By law and in accordance with NDDTL land leases, noxious weeds must be controlled.  There are multiple options available to help control noxious weeds and pests including but not limited to chemical control, biological control, and grazing. NDDTL has cost share and volunteer programs available for applicable methods to help defray the costs of necessary weed and pest control.  



What are the most common noxious weeds, “watch” weeds, and pests encountered?

It is important to note that there are both state and county noxious weed lists.


Noxious Weeds

A weed which is considered to be harmful to the environment or animals, especially one which may be the subject of regulations governing attempts to control it.

Leafy Spurge

Absinth Wormwood

Canada Thistle

Musk Thistle

Palmer Amaranth


Purple Loosestrife

Yellow Toadflax

Dalmatian Toadflax

Diffuse Knapweed

Spotted Knapweed

Russian Knapweed



Watch Weeds

A weed that may be or may become a nuisance to the land.

Yellow Starthistle

Blake Henbane

Hoary Cress

Common Tansy

Palmer Amaranth



Any insects (grasshoppers), rodents (prairie dogs), nematode, fungus, weed, any form of terrestrial or aquatic plant or animal life, viruses, bacteria, or other micro-organisms, except viruses, bacteria, or other micro-organisms, whose presence causes or is likely to cause economic or environmental harm or harm to human health.



Chemical Control Program

Lessees must have the estimate costs approved by the NDDTL prior to spraying unless the estimated costs are $200 or less.  NDDTL may cost share up to 100% of the chemical and 50% of the labor expense incurred by the lessee from weed control efforts completed on School Trust Lands (varies on size and extent of infestation controlled).  If you do not follow recommended guidelines, your request for reimbursement will be denied.

Biological Control Program

Since 1993 NDDTL staff and lessees have released insects for leafy spurge control on numerous school trust lands. Some release sites have become established and NDDTL now conducts "harvest field days" on these tracts. These field days are typically held towards the end of June or early July.  Please check the homepage for upcoming events.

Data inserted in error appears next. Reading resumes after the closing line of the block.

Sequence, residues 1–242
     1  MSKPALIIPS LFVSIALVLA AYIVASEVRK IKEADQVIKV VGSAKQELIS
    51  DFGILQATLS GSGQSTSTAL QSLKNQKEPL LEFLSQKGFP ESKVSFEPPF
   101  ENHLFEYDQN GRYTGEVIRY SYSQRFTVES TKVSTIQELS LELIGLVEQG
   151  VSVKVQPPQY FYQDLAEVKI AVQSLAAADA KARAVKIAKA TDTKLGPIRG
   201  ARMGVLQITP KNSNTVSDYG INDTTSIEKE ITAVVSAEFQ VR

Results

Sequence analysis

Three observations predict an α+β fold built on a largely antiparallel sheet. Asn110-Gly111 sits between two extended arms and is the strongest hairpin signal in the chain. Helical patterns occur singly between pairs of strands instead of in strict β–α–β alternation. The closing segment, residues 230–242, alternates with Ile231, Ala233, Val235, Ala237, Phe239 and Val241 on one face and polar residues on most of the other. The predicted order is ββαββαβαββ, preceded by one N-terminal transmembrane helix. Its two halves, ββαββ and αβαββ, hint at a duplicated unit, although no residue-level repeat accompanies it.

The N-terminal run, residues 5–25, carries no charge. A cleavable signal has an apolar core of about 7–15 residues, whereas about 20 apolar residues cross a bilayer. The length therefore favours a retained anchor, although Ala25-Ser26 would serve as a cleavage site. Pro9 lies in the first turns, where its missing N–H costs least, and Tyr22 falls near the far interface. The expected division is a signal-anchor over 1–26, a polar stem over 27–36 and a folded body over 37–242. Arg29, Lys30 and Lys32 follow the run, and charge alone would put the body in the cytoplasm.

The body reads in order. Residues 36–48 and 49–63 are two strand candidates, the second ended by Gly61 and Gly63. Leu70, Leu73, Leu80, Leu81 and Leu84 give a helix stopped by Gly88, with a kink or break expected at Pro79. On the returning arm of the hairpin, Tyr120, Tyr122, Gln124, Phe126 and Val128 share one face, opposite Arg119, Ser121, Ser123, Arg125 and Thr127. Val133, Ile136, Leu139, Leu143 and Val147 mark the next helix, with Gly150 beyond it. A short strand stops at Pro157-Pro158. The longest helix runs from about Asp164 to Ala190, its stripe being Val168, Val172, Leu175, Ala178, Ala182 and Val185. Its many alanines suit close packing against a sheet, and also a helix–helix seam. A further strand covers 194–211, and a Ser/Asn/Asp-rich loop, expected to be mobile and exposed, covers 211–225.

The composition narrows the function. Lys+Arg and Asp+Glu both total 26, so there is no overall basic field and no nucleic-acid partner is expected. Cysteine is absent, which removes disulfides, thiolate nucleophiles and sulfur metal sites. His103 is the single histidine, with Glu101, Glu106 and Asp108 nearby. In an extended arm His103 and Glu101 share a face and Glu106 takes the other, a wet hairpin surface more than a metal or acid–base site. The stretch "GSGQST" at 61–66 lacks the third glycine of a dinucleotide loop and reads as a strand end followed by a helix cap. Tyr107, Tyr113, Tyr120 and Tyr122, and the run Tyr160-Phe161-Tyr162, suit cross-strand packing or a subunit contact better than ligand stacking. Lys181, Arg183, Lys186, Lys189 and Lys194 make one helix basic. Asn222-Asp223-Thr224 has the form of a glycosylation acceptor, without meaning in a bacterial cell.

Additionally, with prior approval, lessees may request cost share for the cost of purchasing biocontrol agents. Cost share may be approved for up to 100% of the cost, not exceeding $500 per lessee each year.


Chemical Control Program

Lessees must have the estimated costs approved by the Department prior to controlling pests.  Cost share may be approved for up to 100% of the bait/pre-bait and up to 50% of the labor to control pests.  The most common pest control cost share approved by the Department is for prairie dogs using products that limit potential non-target species’ fatalities. 


Cost Share Request Requirements & Forms

Lessees are encouraged to submit pest control and noxious weed control cost share forms by the last business day in October. 

For cost share requests greater than $200.00, typically for large infestation control:
  1. Receive prior approval from the Department
  2. Submit a paper form (no online form available for large (>$200) cost share requests)
  3. Itemization of your costs - including labor and chemical
  4. Include copy of receipts
  5. Sign-off by the county weed control officer
  6. Can be requested more than one time a year (see FAQ below to learn more)
For cost share requests less than $200.00, typically for small infestation control:
  1. Submit an online or paper form
  2. Itemization of your costs – including labor and chemical
  3. No weed control office signature required
  4. No receipts required
  5. Only one request per lessee per year


Why do I need the Weed Control Officer's signature on my request for Cost-share?

This action is as a courtesy to the weed control officer to keep them informed of what is happening in their county and it also provides contact between our lessees and the weed officer, who is knowledgeable concerning the latest information on the identification and control of weeds.

How do I determine the labor cost?

Labor rates are as varied. DTL suggests considering the man-hours spent spraying and the efficiency of equipment and methods used. If there is a question about the labor amount being excessive, DTL will contact you before the payment is approved.

Can I apply for cost-share assistance more than once during the year?

Yes, (remember to contact the Department prior to work) if the requested cost share is greater than $200.00 and you are spraying in June and again with follow-up in September, DTL encourages you to submit a form immediately after each spraying. Immediate form submission will ensure you have the receipt(s) and the spraying time is still fresh in your mind.

If you wait and submit one form at the end of the year, you are able to do so, but be sure you have it mailed before the deadline as late requests will not be paid.

Can I apply for cost share if I only sprayed a little patch, I bought chemical two years ago, and I don't know where the receipt is?

For small infestation control, DTL can cost share up to $200.00 without a receipt or weed officer signature

Should I still spray if I went to a field day and brought home a couple bags of flea beetles?

Yes, chemical control is still necessary to maintain the front-line of defense. Flea beetles can be an effective tool, but they are not a "cure-all". In the first year of release, stay back approximately 200 feet from the release site but continue your spraying efforts. As the bio-controlled area grows, you can widen the ring of no-spraying.